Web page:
President Joe Biden is set to announce an additional aid package this week as lawmakers return from a multi-week recess period. While there’s no final price tag on the package, White House officials along with the State Department and Pentagon are hard at work framing it out. The last Ukraine aid package was nearly $14 billion.


The Ukrainian government says it needs $7 billion per month in aid to help stave off Russian attacks and prop up its faltering economy. 


The Ukrainian government says it needs $7 billion per month in aid to help stave off Russian attacks and prop up its faltering economy.

The real question on Capitol Hill is how this legislation will get through Congress. Questions remain as to whether Democrat leadership may try to tie the Ukrainian aid package to additional COVID-19 funding, which remains a politically toxic issue and led to a stalled effort before the Easter recess. There’s clearly broad bipartisan, bicameral support for Ukraine assistance, but the path forward remains complicated.


War—A Test of Willpower

Russian forces have suffered significant casualties, and it’s unclear if they can be re-armed, re-equipped, re-manned, and motivated for renewed combat. Military casualties on the Ukrainian side of the conflict have been harder to gauge, but the resolve and resilience of the Ukrainian army and its people have been steadfast. In the next few days and weeks, we may witness a decisive period of this war and armored warfare that hasn’t occurred since World War II.


Talk to your financial professional to make sure your portfolio is prepared for whatever happens in Washington D.C. 

The views and opinions expressed herein are those of the author, who is not affiliated with Hartford Funds. Hedgeye Potomac Research is not an affiliate or subsidiary of Hartford Funds.

POLWP004 228759

About The Authors
Author Headshot
Senior Policy Analyst, Hedgeye Potomac Research

The material on this site is for informational and educational purposes only. The material should not be considered tax or legal advice and is not to be relied on as a forecast. The material is also not a recommendation or advice regarding any particular security, strategy or product. Hartford Funds does not represent that any products or strategies discussed are appropriate for any particular investor so investors should seek their own professional advice before investing. Hartford Funds does not serve as a fiduciary. Content is current as of the publication date or date indicated, and may be superseded by subsequent market and economic conditions.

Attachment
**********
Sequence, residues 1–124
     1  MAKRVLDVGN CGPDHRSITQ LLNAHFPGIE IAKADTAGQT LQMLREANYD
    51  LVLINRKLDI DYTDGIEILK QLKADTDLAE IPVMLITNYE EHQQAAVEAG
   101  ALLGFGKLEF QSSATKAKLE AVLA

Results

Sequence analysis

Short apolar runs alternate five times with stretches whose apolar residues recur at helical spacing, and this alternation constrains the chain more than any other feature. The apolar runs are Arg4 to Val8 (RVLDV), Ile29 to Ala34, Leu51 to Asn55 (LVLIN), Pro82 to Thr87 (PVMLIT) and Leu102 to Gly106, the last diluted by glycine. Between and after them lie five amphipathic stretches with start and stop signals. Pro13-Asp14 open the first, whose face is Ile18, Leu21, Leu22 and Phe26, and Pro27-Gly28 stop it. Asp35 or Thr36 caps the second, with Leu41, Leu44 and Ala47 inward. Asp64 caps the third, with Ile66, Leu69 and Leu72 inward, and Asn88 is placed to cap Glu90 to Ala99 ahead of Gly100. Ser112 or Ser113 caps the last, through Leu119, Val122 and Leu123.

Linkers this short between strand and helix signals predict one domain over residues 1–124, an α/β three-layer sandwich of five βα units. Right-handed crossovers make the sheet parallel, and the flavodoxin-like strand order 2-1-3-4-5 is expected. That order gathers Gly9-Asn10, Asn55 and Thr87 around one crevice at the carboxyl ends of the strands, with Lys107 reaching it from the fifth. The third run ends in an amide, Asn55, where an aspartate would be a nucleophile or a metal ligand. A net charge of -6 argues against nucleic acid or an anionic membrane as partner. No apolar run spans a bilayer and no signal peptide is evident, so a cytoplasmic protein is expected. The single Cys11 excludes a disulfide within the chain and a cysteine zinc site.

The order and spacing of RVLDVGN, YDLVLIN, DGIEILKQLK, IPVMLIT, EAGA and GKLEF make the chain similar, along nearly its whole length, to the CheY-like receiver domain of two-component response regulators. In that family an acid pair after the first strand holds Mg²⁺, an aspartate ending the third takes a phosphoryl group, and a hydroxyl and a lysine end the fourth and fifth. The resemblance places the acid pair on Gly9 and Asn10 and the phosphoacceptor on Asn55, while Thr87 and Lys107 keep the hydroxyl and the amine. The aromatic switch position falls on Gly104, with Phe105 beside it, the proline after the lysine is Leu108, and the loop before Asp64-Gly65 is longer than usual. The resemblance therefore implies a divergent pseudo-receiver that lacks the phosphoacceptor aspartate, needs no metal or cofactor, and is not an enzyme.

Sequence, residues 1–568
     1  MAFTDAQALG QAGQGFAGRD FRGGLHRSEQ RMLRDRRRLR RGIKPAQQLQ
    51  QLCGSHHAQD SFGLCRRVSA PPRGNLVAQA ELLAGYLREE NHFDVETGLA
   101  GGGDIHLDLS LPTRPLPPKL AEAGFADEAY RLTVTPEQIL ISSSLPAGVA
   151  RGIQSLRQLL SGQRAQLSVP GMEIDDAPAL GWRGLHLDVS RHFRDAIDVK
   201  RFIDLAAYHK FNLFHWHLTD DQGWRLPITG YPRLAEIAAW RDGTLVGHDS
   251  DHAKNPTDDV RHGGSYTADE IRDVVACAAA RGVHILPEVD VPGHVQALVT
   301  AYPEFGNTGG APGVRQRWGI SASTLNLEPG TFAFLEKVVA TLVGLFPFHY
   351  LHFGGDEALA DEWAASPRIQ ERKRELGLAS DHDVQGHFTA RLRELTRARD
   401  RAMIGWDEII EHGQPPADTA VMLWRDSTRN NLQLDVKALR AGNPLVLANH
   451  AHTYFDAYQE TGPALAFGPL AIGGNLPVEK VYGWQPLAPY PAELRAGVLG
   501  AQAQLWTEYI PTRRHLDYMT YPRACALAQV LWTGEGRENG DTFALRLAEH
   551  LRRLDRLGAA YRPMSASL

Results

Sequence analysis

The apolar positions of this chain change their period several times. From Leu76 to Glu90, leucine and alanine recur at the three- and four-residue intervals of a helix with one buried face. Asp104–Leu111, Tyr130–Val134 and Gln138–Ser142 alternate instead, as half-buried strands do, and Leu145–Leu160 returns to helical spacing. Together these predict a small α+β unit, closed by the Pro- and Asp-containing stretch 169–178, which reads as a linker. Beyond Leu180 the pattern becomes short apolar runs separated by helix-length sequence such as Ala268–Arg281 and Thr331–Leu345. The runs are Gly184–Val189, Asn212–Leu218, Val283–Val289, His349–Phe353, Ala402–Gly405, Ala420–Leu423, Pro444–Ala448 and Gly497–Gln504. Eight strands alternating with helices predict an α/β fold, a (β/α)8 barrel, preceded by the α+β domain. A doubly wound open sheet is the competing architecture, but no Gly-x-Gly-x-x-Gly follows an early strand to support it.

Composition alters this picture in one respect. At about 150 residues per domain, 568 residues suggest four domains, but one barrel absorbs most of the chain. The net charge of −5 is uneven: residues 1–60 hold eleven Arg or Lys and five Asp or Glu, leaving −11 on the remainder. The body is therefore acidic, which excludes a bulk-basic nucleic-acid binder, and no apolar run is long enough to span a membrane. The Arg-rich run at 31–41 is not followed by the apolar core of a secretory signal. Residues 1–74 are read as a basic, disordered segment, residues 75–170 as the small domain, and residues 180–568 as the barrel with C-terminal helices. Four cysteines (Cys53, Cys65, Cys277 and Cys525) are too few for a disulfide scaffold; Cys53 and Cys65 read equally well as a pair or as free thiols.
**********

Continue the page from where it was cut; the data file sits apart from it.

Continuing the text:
Investing involves risk, including the possible loss of principal. Investors should carefully consider a fund's investment objectives, risks, charges and expenses. This and other important information is contained in the mutual fund, or ETF summary prospectus and/or prospectus, which can be obtained from a financial professional and should be read carefully before investing.

Mutual funds are distributed by Hartford Funds Distributors, LLC (HFD), Member FINRA|SIPC. ETFs are distributed by ALPS Distributors, Inc. (ALPS). Advisory services may be provided by Hartford Funds Management Company, LLC (HFMC) or its wholly owned subsidiary, Lattice Strategies LLC (Lattice). Certain funds are sub-advised by Wellington Management Company LLP and/or Schroder Investment Management North America Inc (SIMNA). Schroder Investment Management North America Ltd. (SIMNA Ltd) serves as a secondary sub-adviser to certain funds. HFMC, Lattice, Wellington Management, SIMNA, and SIMNA Ltd. are all SEC registered investment advisers. Hartford Funds refers to HFD, Lattice, and HFMC, which are not affiliated with any sub-adviser or ALPS. The funds and other products referred to on this Site may be offered and sold only to persons in the United States and its territories.

© Copyright 2022 Hartford Funds Management Group, Inc. All Rights Reserved. Not FDIC Insured | No Bank Guarantee | May Lose Value